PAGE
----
Health Plan Cost Transparency Provisions in the CAA (Benefit Minute)
Price transparency in health care has been a topic of interest for several years. The Consolidated Appropriations Act of 2021 (the CAA) continued this trend by adding numerous provisions that impact cost transparency for all group health plans. Some of these provisions are found in the No Surprises Act while others are found in a separate title on Transparency.
Requirements under No Surprises Act
For group health plan payers, including insurers and self-insured health plans, the requirements apply for plan years beginning on or after January 1, 2022. First, upon request, payers must provide an advance explanation of benefits for scheduled services at least three business days before the date of service. The EOB must include:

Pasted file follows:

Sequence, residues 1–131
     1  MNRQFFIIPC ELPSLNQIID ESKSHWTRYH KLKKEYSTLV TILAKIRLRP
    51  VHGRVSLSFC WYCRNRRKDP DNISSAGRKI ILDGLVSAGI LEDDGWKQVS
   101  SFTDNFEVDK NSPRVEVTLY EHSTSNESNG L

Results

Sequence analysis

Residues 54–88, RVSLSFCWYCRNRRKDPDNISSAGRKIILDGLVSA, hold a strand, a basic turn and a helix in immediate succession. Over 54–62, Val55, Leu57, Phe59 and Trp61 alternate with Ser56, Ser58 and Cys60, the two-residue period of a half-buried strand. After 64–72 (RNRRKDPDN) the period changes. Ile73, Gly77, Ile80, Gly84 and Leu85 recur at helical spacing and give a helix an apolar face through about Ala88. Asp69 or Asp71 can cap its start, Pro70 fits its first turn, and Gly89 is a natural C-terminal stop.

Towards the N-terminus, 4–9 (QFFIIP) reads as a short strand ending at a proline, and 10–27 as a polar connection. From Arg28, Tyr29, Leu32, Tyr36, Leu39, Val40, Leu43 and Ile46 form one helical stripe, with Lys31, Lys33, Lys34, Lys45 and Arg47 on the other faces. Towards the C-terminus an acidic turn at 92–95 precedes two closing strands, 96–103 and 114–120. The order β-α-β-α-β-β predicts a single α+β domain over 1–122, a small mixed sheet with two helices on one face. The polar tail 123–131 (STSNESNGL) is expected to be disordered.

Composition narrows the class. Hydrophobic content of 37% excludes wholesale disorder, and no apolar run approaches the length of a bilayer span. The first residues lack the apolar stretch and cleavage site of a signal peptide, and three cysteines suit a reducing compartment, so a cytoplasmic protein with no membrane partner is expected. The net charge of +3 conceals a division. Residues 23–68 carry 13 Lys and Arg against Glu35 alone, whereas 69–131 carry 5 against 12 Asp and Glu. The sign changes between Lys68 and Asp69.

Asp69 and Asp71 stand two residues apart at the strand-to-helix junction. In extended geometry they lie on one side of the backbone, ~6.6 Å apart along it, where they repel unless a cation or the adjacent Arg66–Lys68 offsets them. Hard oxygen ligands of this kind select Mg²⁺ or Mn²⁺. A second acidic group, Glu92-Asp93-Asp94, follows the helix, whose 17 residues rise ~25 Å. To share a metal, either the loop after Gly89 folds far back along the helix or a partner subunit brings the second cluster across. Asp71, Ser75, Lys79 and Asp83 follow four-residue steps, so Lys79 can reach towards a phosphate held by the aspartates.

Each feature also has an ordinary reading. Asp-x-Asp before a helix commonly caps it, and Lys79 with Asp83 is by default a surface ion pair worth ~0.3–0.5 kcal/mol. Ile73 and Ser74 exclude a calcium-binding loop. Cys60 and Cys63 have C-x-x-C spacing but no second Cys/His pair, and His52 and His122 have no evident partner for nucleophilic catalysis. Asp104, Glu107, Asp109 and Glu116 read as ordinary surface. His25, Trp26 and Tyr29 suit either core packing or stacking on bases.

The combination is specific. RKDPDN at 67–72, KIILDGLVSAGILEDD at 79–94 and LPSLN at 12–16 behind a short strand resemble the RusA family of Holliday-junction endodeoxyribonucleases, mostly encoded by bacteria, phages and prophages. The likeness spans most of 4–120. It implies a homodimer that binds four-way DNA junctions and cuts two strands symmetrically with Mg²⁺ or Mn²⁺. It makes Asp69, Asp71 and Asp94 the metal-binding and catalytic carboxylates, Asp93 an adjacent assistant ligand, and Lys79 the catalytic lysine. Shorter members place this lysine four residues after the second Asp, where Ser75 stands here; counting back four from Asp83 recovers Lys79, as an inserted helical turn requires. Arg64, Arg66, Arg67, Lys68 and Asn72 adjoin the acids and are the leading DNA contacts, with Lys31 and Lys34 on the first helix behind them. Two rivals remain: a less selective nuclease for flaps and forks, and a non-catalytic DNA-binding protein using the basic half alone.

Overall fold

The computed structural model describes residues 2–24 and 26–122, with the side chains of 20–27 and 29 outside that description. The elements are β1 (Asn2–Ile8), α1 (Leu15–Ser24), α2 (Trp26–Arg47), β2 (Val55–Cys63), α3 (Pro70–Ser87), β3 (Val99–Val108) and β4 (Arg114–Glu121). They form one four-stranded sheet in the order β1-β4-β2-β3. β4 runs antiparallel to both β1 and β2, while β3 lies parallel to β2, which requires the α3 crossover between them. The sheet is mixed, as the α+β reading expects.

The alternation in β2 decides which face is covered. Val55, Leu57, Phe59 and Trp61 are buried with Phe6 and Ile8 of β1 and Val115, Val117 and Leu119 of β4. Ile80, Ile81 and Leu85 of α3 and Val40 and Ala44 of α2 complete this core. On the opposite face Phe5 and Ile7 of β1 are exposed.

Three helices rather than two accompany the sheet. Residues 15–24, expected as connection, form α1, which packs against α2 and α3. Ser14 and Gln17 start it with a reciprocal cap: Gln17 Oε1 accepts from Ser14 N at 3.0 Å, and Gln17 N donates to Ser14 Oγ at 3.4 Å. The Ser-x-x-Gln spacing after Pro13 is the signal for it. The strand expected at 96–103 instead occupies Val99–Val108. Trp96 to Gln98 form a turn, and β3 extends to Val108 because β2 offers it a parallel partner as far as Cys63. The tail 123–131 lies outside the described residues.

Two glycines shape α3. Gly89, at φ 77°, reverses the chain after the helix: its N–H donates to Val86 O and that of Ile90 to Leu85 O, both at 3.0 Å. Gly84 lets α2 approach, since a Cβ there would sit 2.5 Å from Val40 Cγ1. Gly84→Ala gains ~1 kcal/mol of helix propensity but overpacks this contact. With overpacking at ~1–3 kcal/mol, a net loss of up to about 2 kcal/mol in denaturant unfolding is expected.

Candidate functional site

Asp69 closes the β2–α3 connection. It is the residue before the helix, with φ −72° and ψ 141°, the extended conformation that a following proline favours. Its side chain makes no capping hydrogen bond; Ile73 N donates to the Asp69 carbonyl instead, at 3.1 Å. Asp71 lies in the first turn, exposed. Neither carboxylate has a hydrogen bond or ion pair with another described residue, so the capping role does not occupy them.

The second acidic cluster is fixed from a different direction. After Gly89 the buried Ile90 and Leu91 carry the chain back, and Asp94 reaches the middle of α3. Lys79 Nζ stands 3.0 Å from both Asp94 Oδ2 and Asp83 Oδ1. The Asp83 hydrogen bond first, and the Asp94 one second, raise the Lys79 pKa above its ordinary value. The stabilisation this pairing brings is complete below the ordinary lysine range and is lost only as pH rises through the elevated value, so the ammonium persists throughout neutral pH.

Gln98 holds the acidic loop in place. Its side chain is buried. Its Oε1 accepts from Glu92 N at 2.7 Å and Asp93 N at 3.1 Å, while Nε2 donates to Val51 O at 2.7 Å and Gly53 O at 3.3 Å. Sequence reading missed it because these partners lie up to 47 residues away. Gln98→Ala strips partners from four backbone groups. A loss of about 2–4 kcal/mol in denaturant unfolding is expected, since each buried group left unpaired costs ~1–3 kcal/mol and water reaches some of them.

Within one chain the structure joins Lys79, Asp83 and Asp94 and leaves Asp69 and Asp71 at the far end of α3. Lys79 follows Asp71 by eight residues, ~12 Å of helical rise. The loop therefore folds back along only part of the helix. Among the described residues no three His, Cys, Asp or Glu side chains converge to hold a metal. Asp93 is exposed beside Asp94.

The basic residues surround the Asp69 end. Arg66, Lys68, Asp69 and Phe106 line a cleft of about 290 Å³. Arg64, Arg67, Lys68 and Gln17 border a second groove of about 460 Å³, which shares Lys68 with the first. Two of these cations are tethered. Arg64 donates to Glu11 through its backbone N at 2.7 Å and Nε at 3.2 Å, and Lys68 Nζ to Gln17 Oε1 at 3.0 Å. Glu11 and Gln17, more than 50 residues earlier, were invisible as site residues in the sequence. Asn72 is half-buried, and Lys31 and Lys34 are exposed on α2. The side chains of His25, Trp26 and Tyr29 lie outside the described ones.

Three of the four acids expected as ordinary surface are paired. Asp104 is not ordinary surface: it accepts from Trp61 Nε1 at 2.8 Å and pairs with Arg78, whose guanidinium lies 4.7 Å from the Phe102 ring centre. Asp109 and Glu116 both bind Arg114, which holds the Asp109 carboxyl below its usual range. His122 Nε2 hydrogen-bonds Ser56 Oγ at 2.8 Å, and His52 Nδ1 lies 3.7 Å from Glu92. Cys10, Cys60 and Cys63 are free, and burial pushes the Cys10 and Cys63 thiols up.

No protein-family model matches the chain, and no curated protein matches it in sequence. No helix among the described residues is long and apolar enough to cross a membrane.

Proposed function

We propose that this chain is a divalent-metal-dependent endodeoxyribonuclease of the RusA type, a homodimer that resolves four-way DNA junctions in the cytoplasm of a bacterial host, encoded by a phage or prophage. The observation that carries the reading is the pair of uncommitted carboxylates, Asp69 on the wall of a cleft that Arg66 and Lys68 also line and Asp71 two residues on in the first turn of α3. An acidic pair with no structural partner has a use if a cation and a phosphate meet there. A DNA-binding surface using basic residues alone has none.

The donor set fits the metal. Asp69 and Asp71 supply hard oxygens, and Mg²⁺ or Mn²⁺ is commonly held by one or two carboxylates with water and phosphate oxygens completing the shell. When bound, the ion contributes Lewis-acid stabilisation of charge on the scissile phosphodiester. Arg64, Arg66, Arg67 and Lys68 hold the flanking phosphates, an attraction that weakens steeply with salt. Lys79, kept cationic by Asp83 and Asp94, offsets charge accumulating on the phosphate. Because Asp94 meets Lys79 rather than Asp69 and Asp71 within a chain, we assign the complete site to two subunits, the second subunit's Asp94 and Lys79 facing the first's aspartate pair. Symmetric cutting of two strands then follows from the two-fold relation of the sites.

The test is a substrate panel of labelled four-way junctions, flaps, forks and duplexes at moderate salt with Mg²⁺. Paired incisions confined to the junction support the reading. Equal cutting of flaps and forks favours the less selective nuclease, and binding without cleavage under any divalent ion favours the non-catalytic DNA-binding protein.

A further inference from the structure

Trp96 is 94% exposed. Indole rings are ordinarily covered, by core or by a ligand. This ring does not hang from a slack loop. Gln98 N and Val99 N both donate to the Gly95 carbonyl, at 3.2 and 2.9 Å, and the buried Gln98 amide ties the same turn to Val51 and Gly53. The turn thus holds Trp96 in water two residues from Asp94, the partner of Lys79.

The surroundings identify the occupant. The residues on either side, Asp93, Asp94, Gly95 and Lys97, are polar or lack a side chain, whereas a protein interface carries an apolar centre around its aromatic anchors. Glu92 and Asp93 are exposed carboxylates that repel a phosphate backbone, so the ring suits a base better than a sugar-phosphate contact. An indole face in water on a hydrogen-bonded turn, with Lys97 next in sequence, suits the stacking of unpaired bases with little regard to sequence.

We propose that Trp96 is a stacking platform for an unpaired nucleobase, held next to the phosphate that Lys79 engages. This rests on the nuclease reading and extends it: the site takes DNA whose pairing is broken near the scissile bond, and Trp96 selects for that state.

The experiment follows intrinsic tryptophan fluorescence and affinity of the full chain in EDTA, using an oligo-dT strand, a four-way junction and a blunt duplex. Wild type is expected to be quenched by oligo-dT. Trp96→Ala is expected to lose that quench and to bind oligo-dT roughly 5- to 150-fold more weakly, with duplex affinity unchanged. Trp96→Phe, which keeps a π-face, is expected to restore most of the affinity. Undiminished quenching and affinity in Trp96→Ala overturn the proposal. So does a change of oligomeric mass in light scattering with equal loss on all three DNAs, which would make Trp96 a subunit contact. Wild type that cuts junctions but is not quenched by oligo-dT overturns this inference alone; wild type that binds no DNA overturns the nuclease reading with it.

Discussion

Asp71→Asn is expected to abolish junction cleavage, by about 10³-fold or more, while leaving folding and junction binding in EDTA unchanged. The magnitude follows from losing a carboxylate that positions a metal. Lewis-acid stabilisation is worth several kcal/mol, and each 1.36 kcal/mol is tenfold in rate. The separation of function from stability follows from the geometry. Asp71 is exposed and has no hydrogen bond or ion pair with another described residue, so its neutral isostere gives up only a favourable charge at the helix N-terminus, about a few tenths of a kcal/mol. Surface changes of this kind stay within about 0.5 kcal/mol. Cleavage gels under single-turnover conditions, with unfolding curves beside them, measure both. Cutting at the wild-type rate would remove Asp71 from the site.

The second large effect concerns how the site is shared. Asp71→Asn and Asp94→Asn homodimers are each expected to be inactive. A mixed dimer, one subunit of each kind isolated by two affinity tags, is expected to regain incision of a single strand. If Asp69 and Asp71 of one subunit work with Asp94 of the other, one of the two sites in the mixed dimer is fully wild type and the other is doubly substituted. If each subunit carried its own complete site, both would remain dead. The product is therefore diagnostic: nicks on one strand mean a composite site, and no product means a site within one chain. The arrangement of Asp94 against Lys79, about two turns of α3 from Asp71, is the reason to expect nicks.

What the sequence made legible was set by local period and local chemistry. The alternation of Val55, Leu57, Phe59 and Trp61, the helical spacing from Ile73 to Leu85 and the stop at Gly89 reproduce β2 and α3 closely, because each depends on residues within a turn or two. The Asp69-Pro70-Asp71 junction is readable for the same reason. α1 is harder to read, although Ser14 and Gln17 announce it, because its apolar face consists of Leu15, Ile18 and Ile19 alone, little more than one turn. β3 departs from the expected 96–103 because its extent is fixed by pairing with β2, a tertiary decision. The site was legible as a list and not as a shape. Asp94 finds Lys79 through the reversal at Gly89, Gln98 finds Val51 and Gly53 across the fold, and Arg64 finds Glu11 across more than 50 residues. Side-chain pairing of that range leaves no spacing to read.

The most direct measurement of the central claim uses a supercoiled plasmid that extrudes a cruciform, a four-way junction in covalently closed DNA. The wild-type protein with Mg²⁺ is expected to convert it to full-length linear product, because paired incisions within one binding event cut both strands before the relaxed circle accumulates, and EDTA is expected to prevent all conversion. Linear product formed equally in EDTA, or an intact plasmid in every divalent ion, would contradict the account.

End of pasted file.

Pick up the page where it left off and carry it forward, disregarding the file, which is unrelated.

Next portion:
- the contracted rate for in-network services
- a description of how the individual can obtain in-network providers if the provider or facility is out-of-network
- a good faith estimate of the cost based on billing and diagnostic codes furnished by the provider
- the amount the group health plan is responsible for
- a good faith estimate of the cost-sharing amount the individual must pay
- a good faith estimate of the total amount the individual will have incurred toward meeting financial responsibility under the group health plan
- a disclaimer for any services that are subject to medical management
- a general disclaimer that the information is only an estimate and is subject to change